Dear Sayed: 1st Sunday of Advent (2016)

The Church has now moved into the Season of Advent. It is a time to prepare for the coming of Jesus, often a time in which we prepare our homes for the receiving of guests, as a tradition of Christmas hospitality. Spiritually, we prepare ourselves to welcome Jesus into our hearts.

It was a great privilege to begin this advent season in the way we did today. My daughter and I attended a card-making workshop, hosted by our dear friend, Fiona, whose contacts will send them on to various places, including the MITA in Parkville, Vic. It was a treasured time of creativity, friendship and for me, personal prayer. Here is the day, in my daughter’s words:

Today Mum, Fiona and I made Christmas cards for people in detention centres. We made about 20 handmade cards with all sorts of Christmassy decorations. There were cards with Christmas trees, candles, stars, buttons and many other things. There were many people we wrote to, but I wrote to Sayed, a young 6-year-old and Azizullah, a 13-year-old. It’s quite upsetting to hear that many people, especially young children, are put into detention centres. Around Christmas time, in the detention centres, they don’t even get a mention about Christmas. In the cards we put our names, what city we live in, and that we are thinking about them. I hope that you too can take the time this Advent and Christmas, to pray for the people who are in detention centres around Christmas. –Pia, 11 years

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With our handmade cards for our asylum seeker friends in detention.

Children never cease to amaze me. I am so grateful that I get to witness this daily. On the car ride home, Pia and I were talking about what we did in the afternoon. The conversation went on to the plight of these people who are locked up and given no presents, no decoration and no joy. It was then that she exclaimed, “How can a 6-year-old cope!”, fighting back tears, her voice breaking with emotion. A little while later, she said to me in a voice still shaken, “This music explains the situation.” The song that was playing was “Do You Wanna Build A Snowman?” from the soundtrack to Disney’s Frozen (a highly recommended film, if you haven’t seen it!), sung by the optimistic and bubbly Anna, wherein she tries to connect with her estranged sister Elsa, who has a tendency to isolate herself. The song starts out incredibly playful and carefree, but the point at which my daughter commented, is an instrumental interlude to mark the tragic death of the characters’ parents, at sea.

I listened some more, to my daughter, and to the music. Then I heard these lyrics:

Please, I know you’re in there,
People are asking where you’ve been
They say “have courage”, and I’m trying to
I’m right out here for you, just let me in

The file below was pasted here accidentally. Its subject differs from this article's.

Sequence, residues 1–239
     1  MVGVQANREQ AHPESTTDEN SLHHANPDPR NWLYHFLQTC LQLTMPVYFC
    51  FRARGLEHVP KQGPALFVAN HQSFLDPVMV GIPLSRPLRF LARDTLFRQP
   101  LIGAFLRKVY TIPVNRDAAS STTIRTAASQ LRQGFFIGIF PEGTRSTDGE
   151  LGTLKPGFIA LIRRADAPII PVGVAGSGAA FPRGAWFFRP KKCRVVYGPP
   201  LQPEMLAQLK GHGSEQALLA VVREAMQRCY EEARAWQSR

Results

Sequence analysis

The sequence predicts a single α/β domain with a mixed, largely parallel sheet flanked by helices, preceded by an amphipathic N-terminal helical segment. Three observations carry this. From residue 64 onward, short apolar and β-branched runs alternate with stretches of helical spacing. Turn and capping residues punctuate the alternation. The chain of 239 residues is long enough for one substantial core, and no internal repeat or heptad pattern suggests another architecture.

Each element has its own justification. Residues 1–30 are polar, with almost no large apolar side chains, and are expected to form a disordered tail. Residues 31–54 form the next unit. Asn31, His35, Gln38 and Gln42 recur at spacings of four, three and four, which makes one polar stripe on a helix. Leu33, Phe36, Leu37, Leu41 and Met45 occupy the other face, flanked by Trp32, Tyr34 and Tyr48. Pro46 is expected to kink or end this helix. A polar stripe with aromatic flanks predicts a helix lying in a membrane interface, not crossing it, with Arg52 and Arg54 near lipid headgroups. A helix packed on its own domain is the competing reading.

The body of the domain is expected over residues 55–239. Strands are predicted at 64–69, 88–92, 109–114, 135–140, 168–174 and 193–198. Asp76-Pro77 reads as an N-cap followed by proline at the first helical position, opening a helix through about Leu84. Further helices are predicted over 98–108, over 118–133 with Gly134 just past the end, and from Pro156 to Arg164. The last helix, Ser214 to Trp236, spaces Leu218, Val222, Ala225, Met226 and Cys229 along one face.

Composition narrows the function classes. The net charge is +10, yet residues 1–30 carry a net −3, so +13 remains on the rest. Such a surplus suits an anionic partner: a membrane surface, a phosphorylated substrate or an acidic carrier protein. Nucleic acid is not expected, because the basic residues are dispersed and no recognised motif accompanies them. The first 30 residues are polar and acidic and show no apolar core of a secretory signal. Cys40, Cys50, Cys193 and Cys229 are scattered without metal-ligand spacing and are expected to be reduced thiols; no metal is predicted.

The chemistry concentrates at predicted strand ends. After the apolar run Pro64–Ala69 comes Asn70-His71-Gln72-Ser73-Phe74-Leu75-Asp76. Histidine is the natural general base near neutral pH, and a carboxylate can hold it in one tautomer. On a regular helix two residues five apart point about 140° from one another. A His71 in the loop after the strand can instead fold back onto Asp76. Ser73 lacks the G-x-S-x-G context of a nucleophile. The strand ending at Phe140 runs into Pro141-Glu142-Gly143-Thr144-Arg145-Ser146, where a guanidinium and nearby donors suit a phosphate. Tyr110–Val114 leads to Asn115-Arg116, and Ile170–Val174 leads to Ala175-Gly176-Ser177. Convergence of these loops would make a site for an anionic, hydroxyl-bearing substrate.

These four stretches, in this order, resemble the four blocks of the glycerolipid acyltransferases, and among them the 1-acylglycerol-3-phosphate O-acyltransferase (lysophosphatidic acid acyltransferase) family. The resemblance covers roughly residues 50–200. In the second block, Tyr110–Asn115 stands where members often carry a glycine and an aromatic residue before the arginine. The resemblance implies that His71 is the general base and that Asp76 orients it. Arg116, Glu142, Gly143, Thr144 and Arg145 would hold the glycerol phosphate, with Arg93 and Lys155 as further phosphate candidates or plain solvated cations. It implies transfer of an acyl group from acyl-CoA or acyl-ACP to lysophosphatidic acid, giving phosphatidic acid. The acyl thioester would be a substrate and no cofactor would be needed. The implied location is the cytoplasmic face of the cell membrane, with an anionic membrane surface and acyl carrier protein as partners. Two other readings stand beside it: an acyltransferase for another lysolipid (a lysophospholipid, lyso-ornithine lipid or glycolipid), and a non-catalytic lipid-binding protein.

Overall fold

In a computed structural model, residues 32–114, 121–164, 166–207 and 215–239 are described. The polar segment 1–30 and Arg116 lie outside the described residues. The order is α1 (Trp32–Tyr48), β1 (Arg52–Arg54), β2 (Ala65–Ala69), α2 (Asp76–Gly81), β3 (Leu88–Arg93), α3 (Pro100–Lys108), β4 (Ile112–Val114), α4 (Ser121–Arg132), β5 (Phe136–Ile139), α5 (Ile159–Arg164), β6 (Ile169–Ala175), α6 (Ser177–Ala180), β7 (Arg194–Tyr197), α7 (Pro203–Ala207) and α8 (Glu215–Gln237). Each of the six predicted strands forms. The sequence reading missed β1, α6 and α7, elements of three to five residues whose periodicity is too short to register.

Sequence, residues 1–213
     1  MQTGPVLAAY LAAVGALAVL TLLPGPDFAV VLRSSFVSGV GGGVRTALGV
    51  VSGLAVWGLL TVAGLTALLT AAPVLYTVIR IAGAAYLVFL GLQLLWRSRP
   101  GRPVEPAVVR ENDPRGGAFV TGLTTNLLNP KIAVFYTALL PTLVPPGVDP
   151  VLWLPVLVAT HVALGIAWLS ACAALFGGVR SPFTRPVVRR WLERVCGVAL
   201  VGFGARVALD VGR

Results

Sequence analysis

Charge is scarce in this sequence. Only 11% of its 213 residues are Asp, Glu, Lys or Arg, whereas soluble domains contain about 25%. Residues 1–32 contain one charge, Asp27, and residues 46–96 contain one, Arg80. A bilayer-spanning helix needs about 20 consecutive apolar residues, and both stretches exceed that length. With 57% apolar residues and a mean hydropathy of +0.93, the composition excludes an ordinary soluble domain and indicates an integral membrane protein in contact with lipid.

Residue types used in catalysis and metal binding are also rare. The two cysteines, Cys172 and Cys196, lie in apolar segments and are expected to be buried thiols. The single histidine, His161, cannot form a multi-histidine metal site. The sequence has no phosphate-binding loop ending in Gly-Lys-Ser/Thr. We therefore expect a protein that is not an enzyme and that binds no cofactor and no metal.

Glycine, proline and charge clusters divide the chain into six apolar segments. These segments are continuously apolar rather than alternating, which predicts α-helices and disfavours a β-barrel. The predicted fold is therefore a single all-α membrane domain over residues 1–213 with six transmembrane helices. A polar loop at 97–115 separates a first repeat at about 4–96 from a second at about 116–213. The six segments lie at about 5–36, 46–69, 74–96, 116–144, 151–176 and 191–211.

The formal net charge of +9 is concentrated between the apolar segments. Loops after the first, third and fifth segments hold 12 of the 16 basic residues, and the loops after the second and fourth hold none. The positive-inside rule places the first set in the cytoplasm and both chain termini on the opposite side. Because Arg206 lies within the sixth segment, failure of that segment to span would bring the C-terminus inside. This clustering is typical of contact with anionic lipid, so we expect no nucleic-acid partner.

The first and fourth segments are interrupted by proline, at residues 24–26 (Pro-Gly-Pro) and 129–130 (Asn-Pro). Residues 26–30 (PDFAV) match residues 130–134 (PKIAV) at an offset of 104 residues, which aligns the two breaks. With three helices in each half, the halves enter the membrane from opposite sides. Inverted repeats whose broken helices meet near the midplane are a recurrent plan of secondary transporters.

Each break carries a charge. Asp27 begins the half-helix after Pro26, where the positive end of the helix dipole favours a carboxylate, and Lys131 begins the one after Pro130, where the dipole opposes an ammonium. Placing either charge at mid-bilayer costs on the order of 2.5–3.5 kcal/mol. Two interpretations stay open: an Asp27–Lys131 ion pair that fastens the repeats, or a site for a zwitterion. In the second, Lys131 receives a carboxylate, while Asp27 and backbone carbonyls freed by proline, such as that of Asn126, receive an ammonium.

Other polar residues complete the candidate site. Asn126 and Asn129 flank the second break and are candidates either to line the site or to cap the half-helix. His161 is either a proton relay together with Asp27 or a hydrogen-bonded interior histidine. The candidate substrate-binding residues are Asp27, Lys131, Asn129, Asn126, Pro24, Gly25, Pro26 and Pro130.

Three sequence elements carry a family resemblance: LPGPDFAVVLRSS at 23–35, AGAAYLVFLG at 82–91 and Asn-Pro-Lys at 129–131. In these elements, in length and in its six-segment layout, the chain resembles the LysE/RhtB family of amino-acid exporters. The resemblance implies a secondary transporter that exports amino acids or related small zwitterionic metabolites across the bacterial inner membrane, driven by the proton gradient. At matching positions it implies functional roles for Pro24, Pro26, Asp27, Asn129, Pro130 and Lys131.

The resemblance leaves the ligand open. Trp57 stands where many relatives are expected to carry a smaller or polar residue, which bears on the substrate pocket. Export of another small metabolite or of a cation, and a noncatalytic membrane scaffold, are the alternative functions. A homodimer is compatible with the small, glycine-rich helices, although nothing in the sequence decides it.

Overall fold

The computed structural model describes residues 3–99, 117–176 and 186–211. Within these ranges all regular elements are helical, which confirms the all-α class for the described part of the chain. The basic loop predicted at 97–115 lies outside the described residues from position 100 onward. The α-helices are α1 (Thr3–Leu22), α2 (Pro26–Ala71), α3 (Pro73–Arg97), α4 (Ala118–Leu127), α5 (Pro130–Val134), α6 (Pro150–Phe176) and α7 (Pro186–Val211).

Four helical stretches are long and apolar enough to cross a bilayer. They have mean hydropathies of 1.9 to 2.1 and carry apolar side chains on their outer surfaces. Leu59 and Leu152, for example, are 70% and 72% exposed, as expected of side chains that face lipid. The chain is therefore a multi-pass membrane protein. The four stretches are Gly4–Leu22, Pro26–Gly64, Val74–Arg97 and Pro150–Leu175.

We only have each other
It’s just you and me
What are we gonna do?

Dear Sayed, dear little one. Dear Azizullah. Dear Adam, dear Leila, dear Ali, and to all of you whose names we do not know. Please, I know you’re in there. People are asking where you’ve been. They say “have courage”, and I’m trying to, I’m right out here for you… we are right out here for you. And praying with and for you. We send you love and open hearts, especially in this advent time.
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This Advent, how will you open your hearts? How will you prepare a home and make space for Jesus and his family? May this time be a mindful journey of contemplation and compassion. It will be busy, but here we are at the beginning of it: how will you stop for a moment, to listen to the Spirit of God?

 

21 September 2016: Celebrate Being Alive

 

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Pilgrims – celebrating friendship – in the footsteps of Marie Madeleine. 2014.

“A birthday,” said my daughter, “is to celebrate how long you’ve been alive.”

 

We worked out how old Marie Madeleine would be if she were still with us today: two hundred and thirty-five.

Though the years are numbered, one can say that her spirit lives on with each story told, each memory shared and every time we pause to reflect on her life. To celebrate Marie Madeleine’s birth and life, we need not ceremony or lavish feasts, but hearts that are open to meeting her, and in turn, God’s gifts to the Church.* We can read about her, as my daughter has done so tonight in curiosity and interest, or we can hold near to us, what knowledge or insight we’ve gained over the period we’ve known her. We can reflect on the physiological aspects of her life: her birthplace, the family to which she was born, the time period in France, and ponder their significance or effect; or we can look at her legacy in the lives of her direct descendants, or the order of nuns she founded, and in the lives of many whom she continues to inspire.